One of the unique aspects of our time in history is that, because of a global economy, everything seems to be connected as if on an invisible string. That barbecue grill you have in the backyard likely got its wood paneling from Canada, its steel from China, and its aluminum from Russia to be manufactured in Illinois. All of it is connected in one way, shape, or form, and, in most cases, the USA imposes little or no tariffs on those materials.
The opposite scenario isn't true. To help localized markets, many countries impose tariffs on American-made products, reducing the market share possible for the companies that sell those products. This, in part, has led to a huge trade deficit with certain countries around the globe. In response, President Donald Trump has announced tariffs on certain products and materials. That reality has a lot of producers and buyers of metal, including scrap metal buyers in Montcalm, MI, concerned. Much of how this will play out remains to be seen, but here is what we know.
The president has proposed a 25 percent tariff on steel and a 10 percent tariff on aluminum in response to tariffs put on US exports to gain access to certain overseas markets. The underlying policy is that, if we impose a tariff on things other countries buy, thus making it more expensive to buy them, they will reduce tariffs on US exports to see a reduction on the imposed tariffs. When that happens, the trade deficit will be reduced, and, eventually, disappear.
It's no secret the United States runs a trade deficit with many countries. Often, that deficit is affected, at least in part, to tariffs put on American goods. In many cases, those tariffs make it prohibitively expensive for a foreign nation to buy US products. The steel and aluminum industries have been hit particularly hard in this regard.
Their plight isn't due entirely to a trade deficit, nor are tariffs imposed on US products the only reason import levels aren't higher. Imposed fees on imports haven't, however, helped to open new markets for US companies. What the president has stated he wants is a level playing field that pits US products and materials in the metal industry against foreign interests.
The tariff policy is one measure of several suggested, some would say the most extreme measure, by the United States Department of Commerce after that department conducted a review to see whether certain imports pose a threat to national security.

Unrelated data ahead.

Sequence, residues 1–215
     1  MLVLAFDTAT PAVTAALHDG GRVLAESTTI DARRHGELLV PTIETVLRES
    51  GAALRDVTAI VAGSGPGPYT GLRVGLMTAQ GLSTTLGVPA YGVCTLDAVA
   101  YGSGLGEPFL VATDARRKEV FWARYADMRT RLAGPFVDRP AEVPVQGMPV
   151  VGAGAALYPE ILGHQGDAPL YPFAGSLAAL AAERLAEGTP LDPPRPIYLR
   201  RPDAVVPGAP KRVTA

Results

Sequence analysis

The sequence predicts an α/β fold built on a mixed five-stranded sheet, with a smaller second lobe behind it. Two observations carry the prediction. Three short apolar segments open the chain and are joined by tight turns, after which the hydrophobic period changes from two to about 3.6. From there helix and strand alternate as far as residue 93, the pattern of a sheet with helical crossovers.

About 33 million tons of steel, or one-third of all steel used each year by US companies, is imported. Imports account for about 90 percent of the aluminum used by US companies, or 4.8 million tons annually. So you can see our country's need for these items.
Because most scrap metal disposal concerns products already produced and paid for, it's unlikely tariffs will have a direct impact on the price per ton of steel or aluminum products. There might, however, be indirect impacts that affect scrap metal removal operations into the future.
One is that, at the consumer level, purchasing might shift from “want” to “need,” which means a lot of the products that have steel or aluminum might be put off. We saw some of this immediately after the tariffs were announced. Also, ground-level consumers might be inclined to hold onto items longer and get more use out of them before scrapping them; that means the quality of the metal salvaged, and possibly the amount of scrap available to be recycled, could suffer.
Tariffs always have a positive and a negative impact, regardless of the reasons they were imposed. If you're interested on how tariffs will affect scrap metal removal near you in Montcalm, MI and the surrounding area, you shouldn't worry too much. Although if scrap is your primary business, things might be slightly tougher for you. For more information on these tariffs and the steel and aluminum scrap and salvage industry, feel free to call Fair Salvage Company about it.